• 2016 Omar Mateen killed 49 people and wounded 53 others in a terrorist attack/hate crime inside Pulse, a gay nightclub in Orlando, Florida, United States.
  • 2014 Died: Jimmy Scott, American jazz vocalist, famous for his unusual high contralto voice and sensitivity on ballads and love songs.
  • 2012 Died: Elinor Ostrom, American political economist, Nobel Prize laureate for her analysis of economic governance, especially the commons. She remains the only woman to win the Prize in Economics.
  • 2003 Died: Gregory Peck, American actor, one of the world's most popular film start from the 1940s to the 1960s. He's best remembered for roles as Atticus Finch in To Kill a Mockingbird (1962) and roles in The Keys of the Kingdom, The Yearling, Gentleman's Agreement and Twelve O'Clock High.
  • 1997 Queen Elizabeth II reopened the Globe Theatre in London. The original Globe Theatre was build in 1599 and destroyed by fire in 1613, the second Globe Theatre was opened in 1614 and closed in 1642. The current Shakespeare's Globe is about 750 feet from the site of the original theatre.
  • 1994 The Boeing 777, the world's largest twinjet, made its first flight.
  • 1990 The parliament of the Russian Federation formally declared its sovereignty. A year later Russia elected its president Boris Yeltsin.
  • 1987 U.S. President Ronald Reagan publicly challenged Mikhail Gorbachev to tear down the Berlin Wall. The event took place at the Brandenburg Gate in Berlin.
  • 1985 Born: Dave Franco, American actor, best remembered for roles in films 21 Jump Street, Warm Bodies, Now You See Me, Neighbors.
  • 1985 Born: Blake Ross, American software developer, best known for creation of the Mozilla Firefox Internet browser.
  • 1983 Died: Norma Shearer, Canadian-American actress and singer, one of the most popular actresses in North America, an Academy Award winner for Best Actress. Shearer is best remembered for roles in The Women, Marie Antoinette, Romeo and Juliet.
  • 1982 Died: Karl von Frisch, Austrian ethologist, Nobel Prize laureate for achievements in comparative behavioral physiology and pioneering work in communication between insects.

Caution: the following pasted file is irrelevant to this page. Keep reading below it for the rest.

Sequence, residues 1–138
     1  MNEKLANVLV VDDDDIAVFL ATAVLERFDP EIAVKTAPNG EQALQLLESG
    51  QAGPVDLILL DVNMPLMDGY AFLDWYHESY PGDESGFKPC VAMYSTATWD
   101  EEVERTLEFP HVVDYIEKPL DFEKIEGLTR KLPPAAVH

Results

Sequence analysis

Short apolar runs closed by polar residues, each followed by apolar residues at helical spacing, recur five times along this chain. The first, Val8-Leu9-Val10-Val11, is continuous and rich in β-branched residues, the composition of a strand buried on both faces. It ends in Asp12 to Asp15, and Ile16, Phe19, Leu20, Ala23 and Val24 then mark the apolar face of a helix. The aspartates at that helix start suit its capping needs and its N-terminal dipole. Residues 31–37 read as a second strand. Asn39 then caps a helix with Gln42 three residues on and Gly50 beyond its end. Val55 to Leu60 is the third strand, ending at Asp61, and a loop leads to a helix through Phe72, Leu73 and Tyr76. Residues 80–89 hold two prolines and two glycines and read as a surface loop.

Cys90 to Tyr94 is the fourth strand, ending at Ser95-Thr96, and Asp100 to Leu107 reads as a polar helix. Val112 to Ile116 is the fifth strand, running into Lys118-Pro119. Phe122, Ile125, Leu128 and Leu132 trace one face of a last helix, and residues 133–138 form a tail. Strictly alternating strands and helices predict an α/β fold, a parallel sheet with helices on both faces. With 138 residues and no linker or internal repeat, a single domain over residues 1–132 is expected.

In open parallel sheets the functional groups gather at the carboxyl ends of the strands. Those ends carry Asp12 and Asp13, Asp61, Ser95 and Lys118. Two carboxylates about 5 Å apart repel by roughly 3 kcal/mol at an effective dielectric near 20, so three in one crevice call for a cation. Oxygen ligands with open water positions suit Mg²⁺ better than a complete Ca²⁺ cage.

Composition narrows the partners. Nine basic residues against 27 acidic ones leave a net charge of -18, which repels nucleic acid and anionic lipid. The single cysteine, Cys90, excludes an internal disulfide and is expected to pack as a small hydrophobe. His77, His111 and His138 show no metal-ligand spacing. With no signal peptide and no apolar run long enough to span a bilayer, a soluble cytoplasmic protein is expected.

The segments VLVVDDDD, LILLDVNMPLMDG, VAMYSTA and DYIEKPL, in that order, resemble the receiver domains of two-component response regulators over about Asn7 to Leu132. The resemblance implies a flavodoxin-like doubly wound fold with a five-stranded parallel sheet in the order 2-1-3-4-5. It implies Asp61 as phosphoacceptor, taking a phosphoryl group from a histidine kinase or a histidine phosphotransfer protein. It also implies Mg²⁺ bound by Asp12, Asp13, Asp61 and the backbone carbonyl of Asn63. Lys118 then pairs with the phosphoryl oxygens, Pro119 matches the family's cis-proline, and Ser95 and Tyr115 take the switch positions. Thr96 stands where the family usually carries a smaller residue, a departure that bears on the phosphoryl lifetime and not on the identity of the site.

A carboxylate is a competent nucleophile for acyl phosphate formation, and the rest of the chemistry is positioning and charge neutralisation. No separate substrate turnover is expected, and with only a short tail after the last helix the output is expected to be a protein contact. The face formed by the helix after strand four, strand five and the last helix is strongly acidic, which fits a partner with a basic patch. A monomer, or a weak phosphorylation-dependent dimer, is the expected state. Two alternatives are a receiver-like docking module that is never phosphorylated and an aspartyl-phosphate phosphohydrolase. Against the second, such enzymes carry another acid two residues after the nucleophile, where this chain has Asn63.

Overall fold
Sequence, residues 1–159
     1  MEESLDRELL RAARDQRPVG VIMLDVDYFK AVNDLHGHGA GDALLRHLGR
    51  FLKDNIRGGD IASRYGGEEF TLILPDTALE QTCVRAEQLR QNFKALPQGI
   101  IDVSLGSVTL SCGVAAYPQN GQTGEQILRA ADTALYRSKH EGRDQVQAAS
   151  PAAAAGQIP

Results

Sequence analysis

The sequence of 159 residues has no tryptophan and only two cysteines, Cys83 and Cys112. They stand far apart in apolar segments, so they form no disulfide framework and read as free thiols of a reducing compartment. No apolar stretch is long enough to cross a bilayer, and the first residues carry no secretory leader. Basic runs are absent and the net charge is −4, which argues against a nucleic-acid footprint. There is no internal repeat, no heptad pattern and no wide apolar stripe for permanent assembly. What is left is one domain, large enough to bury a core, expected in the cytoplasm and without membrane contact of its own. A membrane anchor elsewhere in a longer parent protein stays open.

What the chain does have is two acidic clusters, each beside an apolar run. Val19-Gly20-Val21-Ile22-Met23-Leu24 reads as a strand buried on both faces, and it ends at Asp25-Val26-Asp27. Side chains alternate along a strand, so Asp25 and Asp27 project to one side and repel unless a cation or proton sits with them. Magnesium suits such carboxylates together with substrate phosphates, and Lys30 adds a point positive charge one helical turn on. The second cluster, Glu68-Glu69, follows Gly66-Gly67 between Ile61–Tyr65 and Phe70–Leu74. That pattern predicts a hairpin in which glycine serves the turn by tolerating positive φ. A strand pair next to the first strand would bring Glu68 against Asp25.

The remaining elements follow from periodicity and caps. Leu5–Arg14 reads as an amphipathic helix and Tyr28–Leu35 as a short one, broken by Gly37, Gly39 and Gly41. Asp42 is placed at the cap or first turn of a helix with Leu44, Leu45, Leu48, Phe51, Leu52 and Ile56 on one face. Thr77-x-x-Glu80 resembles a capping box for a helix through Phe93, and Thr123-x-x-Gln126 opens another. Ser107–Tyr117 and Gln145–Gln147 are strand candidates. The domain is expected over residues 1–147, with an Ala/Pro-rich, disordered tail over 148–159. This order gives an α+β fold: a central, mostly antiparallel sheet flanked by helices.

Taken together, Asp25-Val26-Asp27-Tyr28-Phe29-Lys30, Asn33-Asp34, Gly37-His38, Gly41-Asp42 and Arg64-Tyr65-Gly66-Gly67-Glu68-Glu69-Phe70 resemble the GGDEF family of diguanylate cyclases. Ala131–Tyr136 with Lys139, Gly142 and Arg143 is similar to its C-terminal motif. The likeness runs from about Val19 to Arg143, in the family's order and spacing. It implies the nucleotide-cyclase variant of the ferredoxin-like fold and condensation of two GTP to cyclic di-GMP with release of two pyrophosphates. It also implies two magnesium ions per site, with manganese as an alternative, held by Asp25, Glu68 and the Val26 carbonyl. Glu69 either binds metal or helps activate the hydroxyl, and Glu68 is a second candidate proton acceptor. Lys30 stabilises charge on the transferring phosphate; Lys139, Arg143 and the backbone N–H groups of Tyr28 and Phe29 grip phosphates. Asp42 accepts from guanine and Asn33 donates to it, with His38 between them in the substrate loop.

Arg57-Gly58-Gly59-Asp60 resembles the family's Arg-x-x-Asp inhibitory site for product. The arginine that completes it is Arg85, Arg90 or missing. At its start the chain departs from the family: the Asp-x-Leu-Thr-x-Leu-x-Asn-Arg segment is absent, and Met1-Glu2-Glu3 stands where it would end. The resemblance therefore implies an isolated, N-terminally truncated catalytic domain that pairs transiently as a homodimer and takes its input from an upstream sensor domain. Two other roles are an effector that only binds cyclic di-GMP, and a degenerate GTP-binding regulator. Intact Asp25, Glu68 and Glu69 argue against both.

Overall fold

• 1981 Born: Adriana Lima, Brazilian model and actress, Victoria's Secret Angel and spokesmodel for Maybelline cosmetics. The secant top-earning model on the Forbes list in 2014.
  • 1978 Died: Guo Moruo, Chinese historian, author, and poet, highly regarded figure in the Chinese contemporary literature and often referred to as the Chinese Goethe.
  • 1967 The Soviet probe Venera 4 was launched. It became the first space probe to enter another planet's atmosphere and successfully return data.
  • 1964 Anti-apartheid activist and African National Congress leader Nelson Mandela was sentenced to life in prison for sabotage in South Africa.
  • 1957 Died: Jimmy Dorsey, American saxophonist, composer, and bandleader, best known for composing of the jazz and pop standards I'm Glad There Is You and It's the Dreamer In Me.
  • 1942 Born: Bert Sakmann, German physiologist and biologist, Nobel Prize laureate for work on function of single ion channels in cells.
  • 1940 13,000 British and French troops surrendered to Major General Erwin Rommel at Saint-Valery-en-Caux, France.
  • 1939 Paramount Pictures began shooting of Dr. Cyclops, the first horror film photographed in three-strip Technicolor.
  • 1924 Born: George H. W. Bush, American lieutenant and politician, the 41st President of the United States, who served from 1989 to 1993, the father of former President George W. Bush.
  • 1915 Born: David Rockefeller, American banker and businessman, the oldest living member of the Rockefeller family and its current head.
  • 1912 Died: Frédéric Passy, French economist, founder of the Peace League, Nobel Prize laureate for role in founding the International Red Cross Movement and initiating the Geneva Convention.
  • 1899 Fritz Albert Lipmann, German-American biochemist, Nobel Prize laureate for discovery of coenzyme A.
  • 1864 Overland Campaign, American Civil War: Ulysses S. Grant gave the Confederate forces under Robert E. Lee a victory when he pulled his Union troops from their positions at Cold Harbor, Virginia and moved south.
  • 1806 Born: John A. Roebling, German-American civil engineer, most famous for his rope suspension bridge designs, in particular, the Brooklyn Bridge.
  • 1802 Born: Harriet Martineau, English sociologist and author, often regarded to be the first female sociologist. Among her notable works are Household Education, Illustrations of Political Economy, Society in America, How to Observe Morals and Manners.
  • 1778 Died: Philip Livingston, American merchant and politician, delegate for New York to the Continental Congress from 1775 to 1778 and one of the statesmen who signed the Declaration of Independence.
  • 1772 Died: Marc-Joseph Marion du Fresne, French explorer. He made important discoveries in the south Indian Ocean, Tasmania and New Zealand. He and 26 men of his crew were killed by Maori tribe and eaten.
  • 1577 Born: Paul Guldin, Swiss astronomer and mathematician. He discovered the Guldinus theorem to determine the surface and the volume of a solid of revolution.
  • 1550 King Gustav I of Sweden founded the city of Helsinki, Finland. At that time the city belonged to Sweden.